|Abstract:||Data mining is an emerging research area, whose goal is to discover potentially useful information embedded in databases. Due to the wide availability of huge amounts of data and the imminent need for turning such data into useful knowledge, data mining has attracted a great deal of attention in recent years.
Frequent pattern mining has been a focused topic in data mining research. The goal of frequent pattern mining is to discover the patterns whose numbers of occurrence are above a predefined threshold in the datasets. Depending on the different definition of pattern, frequent pattern mining stands for various mining problems, such as frequent itemset mining, sequential pattern mining and so on. Frequent pattern mining has numerous applications, such as the analysis of customer purchase patterns, web access patterns, natural disasters or alarm sequences, disease treatments and DNA sequences. Many algorithms have been presented for mining frequent patterns since the introduction of the problem. Most of them are sequential algorithms and their execution time is constrained by the computing power, I/O speed and/or memory space of the uni-processor system where their implementations execute. The irregular nature of the datasets and the requirement to reach global decision make it challenging to efficiently mining frequent patterns in parallel.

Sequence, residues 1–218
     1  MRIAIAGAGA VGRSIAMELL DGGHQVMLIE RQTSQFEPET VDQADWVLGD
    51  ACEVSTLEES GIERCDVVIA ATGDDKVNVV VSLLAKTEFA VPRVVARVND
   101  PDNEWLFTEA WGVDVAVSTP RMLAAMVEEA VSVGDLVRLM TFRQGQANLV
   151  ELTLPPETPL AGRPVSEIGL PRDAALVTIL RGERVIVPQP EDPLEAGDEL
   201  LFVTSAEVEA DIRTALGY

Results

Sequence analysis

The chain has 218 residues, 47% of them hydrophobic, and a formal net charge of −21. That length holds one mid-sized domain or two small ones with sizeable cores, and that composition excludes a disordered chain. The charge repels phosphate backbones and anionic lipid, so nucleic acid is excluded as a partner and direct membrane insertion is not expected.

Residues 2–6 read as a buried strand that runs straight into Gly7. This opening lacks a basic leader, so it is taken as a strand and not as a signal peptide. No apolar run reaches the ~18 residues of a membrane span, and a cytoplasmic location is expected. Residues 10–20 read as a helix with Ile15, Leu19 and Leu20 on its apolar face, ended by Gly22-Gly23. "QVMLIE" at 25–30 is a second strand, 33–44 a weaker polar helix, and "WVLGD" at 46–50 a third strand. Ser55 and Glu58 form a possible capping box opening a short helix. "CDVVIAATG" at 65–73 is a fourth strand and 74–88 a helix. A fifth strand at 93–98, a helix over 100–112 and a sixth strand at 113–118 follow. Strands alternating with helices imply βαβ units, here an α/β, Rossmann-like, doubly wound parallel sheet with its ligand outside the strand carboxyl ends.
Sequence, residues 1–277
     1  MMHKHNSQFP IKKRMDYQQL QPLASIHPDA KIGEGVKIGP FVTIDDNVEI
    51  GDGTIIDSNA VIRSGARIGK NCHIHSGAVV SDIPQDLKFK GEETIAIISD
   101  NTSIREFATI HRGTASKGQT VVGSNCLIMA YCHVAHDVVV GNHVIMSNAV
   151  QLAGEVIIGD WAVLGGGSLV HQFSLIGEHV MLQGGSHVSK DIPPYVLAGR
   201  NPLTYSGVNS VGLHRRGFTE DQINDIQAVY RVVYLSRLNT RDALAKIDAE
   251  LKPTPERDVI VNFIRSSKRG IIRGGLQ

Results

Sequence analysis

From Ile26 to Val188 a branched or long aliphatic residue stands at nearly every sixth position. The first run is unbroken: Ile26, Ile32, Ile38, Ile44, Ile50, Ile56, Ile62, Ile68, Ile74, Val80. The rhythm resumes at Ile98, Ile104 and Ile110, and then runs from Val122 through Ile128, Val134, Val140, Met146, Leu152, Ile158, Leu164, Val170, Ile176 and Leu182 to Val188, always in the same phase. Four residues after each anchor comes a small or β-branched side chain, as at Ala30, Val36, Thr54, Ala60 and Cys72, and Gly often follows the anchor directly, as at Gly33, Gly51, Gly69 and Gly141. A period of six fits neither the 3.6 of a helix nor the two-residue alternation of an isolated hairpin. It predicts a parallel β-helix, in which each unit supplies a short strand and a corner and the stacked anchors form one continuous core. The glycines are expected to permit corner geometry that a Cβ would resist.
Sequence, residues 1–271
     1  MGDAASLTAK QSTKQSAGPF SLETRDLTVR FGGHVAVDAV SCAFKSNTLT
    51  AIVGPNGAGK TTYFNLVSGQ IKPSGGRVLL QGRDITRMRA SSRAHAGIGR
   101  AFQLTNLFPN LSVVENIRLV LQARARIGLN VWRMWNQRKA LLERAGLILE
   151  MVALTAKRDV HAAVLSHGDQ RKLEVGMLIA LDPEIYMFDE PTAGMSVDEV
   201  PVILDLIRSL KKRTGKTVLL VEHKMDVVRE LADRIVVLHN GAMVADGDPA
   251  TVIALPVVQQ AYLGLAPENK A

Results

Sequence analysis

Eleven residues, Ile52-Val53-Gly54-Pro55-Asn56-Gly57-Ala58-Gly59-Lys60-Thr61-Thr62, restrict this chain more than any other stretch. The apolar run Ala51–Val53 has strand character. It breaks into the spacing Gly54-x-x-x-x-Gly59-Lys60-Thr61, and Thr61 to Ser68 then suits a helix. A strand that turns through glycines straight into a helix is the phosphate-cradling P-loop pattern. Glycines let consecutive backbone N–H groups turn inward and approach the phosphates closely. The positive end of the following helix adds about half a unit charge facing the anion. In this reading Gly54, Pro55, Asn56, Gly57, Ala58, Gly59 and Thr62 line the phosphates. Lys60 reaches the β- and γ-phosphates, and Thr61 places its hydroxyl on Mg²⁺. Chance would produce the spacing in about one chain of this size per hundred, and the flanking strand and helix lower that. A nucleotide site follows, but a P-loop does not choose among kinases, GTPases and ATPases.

In this dissertation, we propose a framework for parallel mining frequent patterns. Our parallelizing framework targets a distributed memory system. It was applied to the parallelization of frequent itemset mining, sequential pattern mining and closed-sequential pattern mining. Our parallel algorithms are based on the most efficient serial algorithms. We devised a partitioning strategy to distribute the work to avoid the unnecessary inter-processor communication. Our task partition is based on the divide-and-conquer property of frequent pattern mining problem so that the processors can work asynchronously and independently during mining. We discuss the load balancing problem inherent in the divide-and-conquer property and then present a sampling technique, called selective sampling, to address the load balance problem. Selective sampling strategy allows us to predict the relative time required to mine the projections and in this way enable us to identify large tasks, decompose them, and evenly distributed them across processors to achieve load balancing.
We implemented parallel algorithms for mining frequent itemsets, sequential patterns and closed-sequential patterns following our framework. A comprehensive performance study has been conducted in our experiments on both synthetic and real-world datasets. The experimental results have shown that our parallel algorithms have achieved good speedups on various datasets and the speedups are scalable up to 64 processors on our 64-processor system.